It is a New Year and a great time for self-reflection, growth and making positive changes in our lives! It also becomes a great time to look at our relationships, and see how we can make them more satisfying and stronger. Often, when we reflect on how to improve our relationship we focus on our partner. Haven’t we all made comments like “If only my husband would help more around the house, things would be so much better between us.” Or “If my wife could just be more interested in having sex than sleeping, our relationship would be great!” We erroneously think that in order for our relationship to improve, our partner should be doing things differently.
One of the first concepts we teach couples when they come to our office is “Stages of Relationships” from Imago Relationship Therapy. While it may be at different paces, almost all couples will go through various stages over the course of their relationship, beginning with Romantic Love and moving into the Power Struggle stage-the one that usually drives them to seek therapy. Regardless of the power struggle that is occurring and causing them difficulty in their marriage, there is a pattern of blame that is usually happening. Each partner is focusing outwards, pointing fingers and wanting to tell us all their partner is doing wrong, or not doing right! When we begin moving them on the next stage “being committed to working on the relationship”, a key factor is to move the focus from outward to inward. In order for a relationship to improve, each partner needs to look at their own contribution to the relationship, and how their actions are affecting the relationship. Below are three things YOU can do in this new year to improve your relationship.
- Improve your speaking and listening skills-While it’s no secret that relationships need good communication, we often don’t pay attention to how we speak to our partner or how well we really listen. When you want to talk about something that your partner is doing that is bothering you, ask yourself how you speak to your partner about it. Think of the difference in these two statements—“You never appreciate anything I do around here!” OR “I would like to talk to you about something. Is now a good time? I have really been feeling unappreciated lately and when I do things around the house, it would make me happy to hear you express your thanks.” Imagine the defensive reaction you may get from the first statement as opposed to the willingness to listen you may get from the second.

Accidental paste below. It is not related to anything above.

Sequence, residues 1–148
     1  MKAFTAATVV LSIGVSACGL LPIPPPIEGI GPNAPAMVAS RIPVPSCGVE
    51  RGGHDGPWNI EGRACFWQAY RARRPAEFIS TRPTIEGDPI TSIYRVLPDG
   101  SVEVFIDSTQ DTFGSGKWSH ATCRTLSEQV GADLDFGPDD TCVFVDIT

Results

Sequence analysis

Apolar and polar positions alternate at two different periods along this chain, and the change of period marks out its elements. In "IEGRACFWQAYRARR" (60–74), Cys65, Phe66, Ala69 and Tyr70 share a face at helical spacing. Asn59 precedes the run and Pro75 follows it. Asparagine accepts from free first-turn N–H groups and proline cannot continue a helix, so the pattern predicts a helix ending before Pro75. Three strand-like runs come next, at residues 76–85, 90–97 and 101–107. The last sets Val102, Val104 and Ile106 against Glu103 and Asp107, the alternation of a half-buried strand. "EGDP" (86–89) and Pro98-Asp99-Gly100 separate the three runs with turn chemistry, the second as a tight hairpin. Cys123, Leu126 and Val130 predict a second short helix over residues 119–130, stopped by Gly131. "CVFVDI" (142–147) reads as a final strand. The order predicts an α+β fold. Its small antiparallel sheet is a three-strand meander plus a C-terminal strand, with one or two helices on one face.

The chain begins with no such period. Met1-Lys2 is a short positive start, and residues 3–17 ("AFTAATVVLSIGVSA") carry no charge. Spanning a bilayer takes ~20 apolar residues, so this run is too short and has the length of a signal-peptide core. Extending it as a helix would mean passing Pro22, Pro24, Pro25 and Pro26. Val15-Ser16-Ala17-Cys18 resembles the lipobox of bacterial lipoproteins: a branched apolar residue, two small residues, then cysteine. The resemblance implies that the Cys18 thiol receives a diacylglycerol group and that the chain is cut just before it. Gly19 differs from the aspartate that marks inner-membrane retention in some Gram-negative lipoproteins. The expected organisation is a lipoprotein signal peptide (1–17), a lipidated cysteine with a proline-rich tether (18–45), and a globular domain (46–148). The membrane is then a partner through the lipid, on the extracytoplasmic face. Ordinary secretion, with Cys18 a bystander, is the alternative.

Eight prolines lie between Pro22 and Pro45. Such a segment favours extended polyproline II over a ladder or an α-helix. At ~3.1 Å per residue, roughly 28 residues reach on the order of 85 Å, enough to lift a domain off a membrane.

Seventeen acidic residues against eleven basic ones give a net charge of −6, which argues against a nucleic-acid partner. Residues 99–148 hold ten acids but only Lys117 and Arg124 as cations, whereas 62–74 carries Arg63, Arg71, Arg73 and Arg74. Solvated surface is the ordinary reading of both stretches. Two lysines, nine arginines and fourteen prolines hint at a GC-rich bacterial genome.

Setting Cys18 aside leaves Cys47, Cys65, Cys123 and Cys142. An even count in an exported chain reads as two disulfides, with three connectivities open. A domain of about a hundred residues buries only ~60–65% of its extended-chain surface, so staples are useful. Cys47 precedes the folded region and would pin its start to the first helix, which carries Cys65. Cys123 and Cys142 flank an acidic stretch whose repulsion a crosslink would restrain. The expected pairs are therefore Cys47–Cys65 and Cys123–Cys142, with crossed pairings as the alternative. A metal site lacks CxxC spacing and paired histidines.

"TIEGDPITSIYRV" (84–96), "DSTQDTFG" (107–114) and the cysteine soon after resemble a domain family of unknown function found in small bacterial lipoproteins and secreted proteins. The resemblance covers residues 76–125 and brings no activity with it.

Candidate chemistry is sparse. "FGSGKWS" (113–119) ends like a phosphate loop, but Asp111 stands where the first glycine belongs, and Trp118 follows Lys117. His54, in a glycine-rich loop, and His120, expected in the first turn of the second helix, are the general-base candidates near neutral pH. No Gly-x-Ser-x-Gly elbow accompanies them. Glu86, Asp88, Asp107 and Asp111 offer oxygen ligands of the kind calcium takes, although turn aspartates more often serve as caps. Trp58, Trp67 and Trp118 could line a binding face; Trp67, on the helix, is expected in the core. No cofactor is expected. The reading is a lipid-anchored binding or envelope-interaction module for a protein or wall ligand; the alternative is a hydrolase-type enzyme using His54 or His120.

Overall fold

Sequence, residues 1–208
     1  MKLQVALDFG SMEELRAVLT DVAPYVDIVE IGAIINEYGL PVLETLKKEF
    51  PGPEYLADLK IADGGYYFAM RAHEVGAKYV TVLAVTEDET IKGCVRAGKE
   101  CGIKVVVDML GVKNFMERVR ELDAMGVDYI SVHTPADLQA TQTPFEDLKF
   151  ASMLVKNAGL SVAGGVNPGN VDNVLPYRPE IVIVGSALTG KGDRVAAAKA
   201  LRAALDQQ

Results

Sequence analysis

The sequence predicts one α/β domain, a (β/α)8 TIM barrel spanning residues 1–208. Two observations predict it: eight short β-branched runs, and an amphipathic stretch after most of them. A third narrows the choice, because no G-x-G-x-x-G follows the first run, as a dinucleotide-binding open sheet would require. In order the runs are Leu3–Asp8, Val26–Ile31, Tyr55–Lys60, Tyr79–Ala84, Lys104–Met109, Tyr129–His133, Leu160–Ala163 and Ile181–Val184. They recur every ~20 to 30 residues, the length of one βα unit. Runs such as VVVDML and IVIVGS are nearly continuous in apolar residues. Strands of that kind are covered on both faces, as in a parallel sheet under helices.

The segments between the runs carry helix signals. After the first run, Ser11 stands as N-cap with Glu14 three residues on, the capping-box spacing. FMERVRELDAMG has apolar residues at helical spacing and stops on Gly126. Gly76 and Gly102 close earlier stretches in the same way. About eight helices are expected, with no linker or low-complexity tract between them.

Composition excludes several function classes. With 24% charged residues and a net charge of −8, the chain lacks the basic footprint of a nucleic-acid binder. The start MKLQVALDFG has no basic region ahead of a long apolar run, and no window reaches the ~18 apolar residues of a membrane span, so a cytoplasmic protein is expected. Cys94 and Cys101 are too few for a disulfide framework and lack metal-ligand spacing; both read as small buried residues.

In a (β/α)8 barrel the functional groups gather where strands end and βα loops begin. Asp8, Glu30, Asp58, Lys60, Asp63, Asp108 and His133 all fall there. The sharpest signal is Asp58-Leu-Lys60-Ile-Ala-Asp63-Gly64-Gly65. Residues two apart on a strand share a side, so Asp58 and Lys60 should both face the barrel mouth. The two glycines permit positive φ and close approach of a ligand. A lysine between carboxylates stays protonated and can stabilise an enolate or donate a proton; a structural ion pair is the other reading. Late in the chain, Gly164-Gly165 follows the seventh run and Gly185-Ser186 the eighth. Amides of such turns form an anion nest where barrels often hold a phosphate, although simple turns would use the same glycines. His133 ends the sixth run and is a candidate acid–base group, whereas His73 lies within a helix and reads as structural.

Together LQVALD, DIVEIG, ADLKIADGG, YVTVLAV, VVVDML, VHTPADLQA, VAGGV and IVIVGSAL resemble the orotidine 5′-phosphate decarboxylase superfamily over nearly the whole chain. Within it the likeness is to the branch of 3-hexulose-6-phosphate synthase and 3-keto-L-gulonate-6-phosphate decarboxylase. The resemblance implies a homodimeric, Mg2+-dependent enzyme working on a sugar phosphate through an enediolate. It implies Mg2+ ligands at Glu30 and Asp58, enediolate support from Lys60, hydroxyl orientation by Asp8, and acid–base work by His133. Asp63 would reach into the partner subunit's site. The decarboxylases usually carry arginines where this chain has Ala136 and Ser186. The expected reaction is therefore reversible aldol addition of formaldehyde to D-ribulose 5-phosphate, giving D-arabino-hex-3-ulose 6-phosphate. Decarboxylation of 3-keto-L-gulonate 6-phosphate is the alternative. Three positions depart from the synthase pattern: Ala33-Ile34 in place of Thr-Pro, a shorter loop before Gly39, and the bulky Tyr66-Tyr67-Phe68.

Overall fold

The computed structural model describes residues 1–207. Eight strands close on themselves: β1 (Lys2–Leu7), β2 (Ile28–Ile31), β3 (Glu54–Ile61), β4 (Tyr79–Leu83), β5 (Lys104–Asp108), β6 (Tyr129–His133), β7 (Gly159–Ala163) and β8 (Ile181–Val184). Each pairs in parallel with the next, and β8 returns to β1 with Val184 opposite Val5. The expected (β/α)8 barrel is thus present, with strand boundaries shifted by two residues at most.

- Practice gratitude and appreciation for your partner-Just as couples love to come into our office and talk about all the things their partner is doing wrong, they are also generally talking a lot about these grievances at home too. So often in relationships, we spend so much time talking to our partner about our frustrations with them, we forget to ever tell them the things they do right. Expressing the things we love and appreciate about our partner goes such a long way in improving a relationship, and strengthening the fondness, affection and connection. Plus, neuroscience is now showing us that the brain reinforces neural connections that get used often. So, if you’re noticing and remarking positive behaviors, that is what will grow in importance to your brain thus making you feel better. When you’re more positive, your partner is highly likely to make positive changes (consciously or unconsciously) as well.
- Look for more ways to connect with your partner-In therapy, we teach how to “bid (or ask) for connection”. Think about how you connect with your partner. Do you ask to spend time together? Do you call or text during the day just to check in and see how their day is going? Do you do nice gestures for your partner, such as picking up their dry cleaning on your way home? Do you reach out to touch or hold your partner? Connection can be done in so many ways; it can be verbal or non-verbal. We need to think outside the box about doing more than just the occasional “date nights” or special celebrations on Valentine’s Day and anniversaries and, instead, look for ways we can connect with our partner on a daily basis. These daily connections, even thought they may seem small, are what keeps a solid foundation of friendship, love and intimacy strong in our relationship.
If you’re ready to focus on what you can do to improve your intimate relationship, call us at (908) 246-3074 or visit our website www.couplestherapycenterofnj.com to schedule an appointment. We’re here to help you create the best relationship possible this year.